Bettas are tropical fish, this means they need temperatures of 78-83 degrees to be comfortable, healthy, and active. Just a few degrees doesn't seem like it would make much different to big warm-blooded mammals like us, but to a 2" cold-blooded fish, it's the difference between regular and constipated; active and lethargic. I highly recommend returning the bowl and getting a larger container that can be safely heated.
Most heaters are designed to be used in containers of at least two gallons. I only recommend 25watt adjustable heaters, such as this one: http://www.fosterandsmithaquatics.co...m?pcatid=11368
because non adjustable heaters have no thermostat and won't heat your water enough, may overheat it, and will allow the temperature in the tank to fluctuate dangerously. Adjustable heaters are a much better investment that will pay off in the health and longevity of your fish.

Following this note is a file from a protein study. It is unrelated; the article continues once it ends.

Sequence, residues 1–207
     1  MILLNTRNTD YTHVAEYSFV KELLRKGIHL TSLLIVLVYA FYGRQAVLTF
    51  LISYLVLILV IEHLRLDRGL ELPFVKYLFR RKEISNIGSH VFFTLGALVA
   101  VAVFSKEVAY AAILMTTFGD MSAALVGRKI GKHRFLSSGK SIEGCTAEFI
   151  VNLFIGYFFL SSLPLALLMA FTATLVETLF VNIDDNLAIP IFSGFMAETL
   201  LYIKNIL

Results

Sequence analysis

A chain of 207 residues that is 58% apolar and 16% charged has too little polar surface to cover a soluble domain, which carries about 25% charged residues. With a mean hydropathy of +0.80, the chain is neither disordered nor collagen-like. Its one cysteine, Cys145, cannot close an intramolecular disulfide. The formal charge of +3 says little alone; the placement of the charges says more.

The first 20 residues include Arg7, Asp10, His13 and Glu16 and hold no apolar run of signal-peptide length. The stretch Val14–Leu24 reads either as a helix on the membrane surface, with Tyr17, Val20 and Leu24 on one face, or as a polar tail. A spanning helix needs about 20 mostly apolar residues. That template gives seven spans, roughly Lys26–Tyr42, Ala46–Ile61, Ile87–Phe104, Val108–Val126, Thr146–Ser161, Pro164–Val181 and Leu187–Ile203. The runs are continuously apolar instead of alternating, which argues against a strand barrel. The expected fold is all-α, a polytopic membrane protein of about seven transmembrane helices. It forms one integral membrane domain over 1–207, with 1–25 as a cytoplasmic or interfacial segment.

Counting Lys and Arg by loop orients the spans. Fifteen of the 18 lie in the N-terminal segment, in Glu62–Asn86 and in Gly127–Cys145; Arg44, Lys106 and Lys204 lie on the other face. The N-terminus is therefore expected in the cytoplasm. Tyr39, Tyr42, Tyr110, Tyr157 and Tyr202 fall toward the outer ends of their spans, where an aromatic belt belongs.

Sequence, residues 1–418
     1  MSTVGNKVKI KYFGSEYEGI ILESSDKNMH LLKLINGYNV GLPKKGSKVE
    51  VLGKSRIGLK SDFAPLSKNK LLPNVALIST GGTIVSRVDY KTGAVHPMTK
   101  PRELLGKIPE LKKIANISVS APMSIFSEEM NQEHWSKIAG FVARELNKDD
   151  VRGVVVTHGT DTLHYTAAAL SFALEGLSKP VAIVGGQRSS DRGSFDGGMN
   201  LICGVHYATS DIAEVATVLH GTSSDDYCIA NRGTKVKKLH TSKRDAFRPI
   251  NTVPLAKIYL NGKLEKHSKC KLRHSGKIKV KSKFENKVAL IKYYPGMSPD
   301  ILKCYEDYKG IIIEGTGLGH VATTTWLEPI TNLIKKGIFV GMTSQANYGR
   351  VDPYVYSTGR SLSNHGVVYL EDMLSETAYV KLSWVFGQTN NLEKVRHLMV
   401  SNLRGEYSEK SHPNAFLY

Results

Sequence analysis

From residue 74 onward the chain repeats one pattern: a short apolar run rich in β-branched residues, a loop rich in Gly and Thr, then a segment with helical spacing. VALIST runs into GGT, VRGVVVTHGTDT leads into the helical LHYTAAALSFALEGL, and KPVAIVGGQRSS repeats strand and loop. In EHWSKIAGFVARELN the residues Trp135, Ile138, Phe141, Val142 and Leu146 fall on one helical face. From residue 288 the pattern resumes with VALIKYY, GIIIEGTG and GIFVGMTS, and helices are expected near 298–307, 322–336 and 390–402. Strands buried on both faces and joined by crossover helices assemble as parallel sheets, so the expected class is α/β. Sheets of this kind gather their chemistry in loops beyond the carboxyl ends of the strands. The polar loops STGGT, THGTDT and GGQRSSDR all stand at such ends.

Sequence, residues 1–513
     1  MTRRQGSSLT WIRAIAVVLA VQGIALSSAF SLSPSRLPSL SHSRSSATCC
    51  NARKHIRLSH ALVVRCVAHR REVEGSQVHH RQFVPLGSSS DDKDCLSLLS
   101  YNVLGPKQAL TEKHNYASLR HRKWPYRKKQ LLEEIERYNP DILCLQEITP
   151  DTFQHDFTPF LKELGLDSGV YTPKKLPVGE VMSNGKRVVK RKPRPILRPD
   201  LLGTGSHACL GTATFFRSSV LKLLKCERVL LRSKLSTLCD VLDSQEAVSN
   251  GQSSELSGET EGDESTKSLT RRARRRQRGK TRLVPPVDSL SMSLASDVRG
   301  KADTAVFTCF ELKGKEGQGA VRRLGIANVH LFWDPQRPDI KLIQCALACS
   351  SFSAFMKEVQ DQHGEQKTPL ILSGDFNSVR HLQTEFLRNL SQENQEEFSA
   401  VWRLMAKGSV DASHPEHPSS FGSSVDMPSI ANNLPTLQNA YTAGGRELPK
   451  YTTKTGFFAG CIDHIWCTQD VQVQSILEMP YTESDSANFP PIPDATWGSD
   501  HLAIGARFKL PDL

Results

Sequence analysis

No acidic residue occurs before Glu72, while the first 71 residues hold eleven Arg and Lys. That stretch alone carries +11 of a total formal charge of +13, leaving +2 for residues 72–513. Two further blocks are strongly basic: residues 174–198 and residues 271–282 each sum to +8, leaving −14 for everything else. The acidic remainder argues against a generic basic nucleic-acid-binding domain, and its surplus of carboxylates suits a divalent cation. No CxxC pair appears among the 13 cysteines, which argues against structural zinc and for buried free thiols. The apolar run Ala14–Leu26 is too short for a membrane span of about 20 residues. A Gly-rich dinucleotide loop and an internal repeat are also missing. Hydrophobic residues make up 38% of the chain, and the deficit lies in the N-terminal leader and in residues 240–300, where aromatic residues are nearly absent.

Please keep in mind that a 1 gallon container must have a 100% water change and cleaning every other day in order to control the ammonia that your fish is constantly excreting into the tank. Ammonia is a highly toxic substance, in nature it would be converted into less toxic compounds by specialized bacteria, consumed by plants, and diluted by larger quantities of water. In small containers like this one, you have to do the job of all three of these elements--and that takes work. Make sure you condition the water with a dechlorinator with each water change and carefully match the temperature of the old and new water before you begin acclimating your fish.
As for feeding, which I forgot is the actual topic of this thread, you should try to get a quality pellet and use that as a staple, and supplement that with the frozen foods. I recommend OmegaOne Betta Buffet Pellets, Atison's Betta Pellets, Ken's Betta Crumbles, and New Life Spectrum. All of these are good brands.